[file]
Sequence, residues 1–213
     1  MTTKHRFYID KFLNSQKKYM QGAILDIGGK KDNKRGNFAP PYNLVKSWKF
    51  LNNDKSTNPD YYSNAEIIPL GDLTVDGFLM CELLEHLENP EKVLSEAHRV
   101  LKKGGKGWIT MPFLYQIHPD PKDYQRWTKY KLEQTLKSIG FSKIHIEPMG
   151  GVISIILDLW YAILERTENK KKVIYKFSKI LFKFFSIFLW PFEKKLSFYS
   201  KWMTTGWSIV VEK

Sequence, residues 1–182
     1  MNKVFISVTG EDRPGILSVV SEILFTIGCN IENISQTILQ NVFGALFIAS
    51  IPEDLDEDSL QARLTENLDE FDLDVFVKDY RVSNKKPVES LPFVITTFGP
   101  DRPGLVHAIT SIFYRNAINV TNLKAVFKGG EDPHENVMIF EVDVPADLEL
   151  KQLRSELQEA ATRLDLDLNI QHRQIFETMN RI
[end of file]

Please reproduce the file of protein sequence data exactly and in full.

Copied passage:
Sequence, residues 1–213
     1  MTTKHRFYID KFLNSQKKYM QGAILDIGGK KDNKRGNFAP PYNLVKSWKF
    51  LNNDKSTNPD YYSNAEIIPL GDLTVDGFLM CELLEHLENP EKVLSEAHRV
   101  LKKGGKGWIT MPFLYQIHPD PKDYQRWTKY KLEQTLKSIG FSKIHIEPMG
   151  GVISIILDLW YAILERTENK KKVIYKFSKI LFKFFSIFLW PFEKKLSFYS
   201  KWMTTGWSIV VEK

Sequence, residues 1–182
     1  MNKVFISVTG EDRPGILSVV SEILFTIGCN IENISQTILQ NVFGALFIAS
    51  IPEDLDEDSL QARLTENLDE FDLDVFVKDY RVSNKKPVES LPFVITTFGP
   101  DRPGLVHAIT SIFYRNAINV TNLKAVFKGG EDPHENVMIF EVDVPADLEL
   151  KQLRSELQEA ATRLDLDLNI QHRQIFETMN RI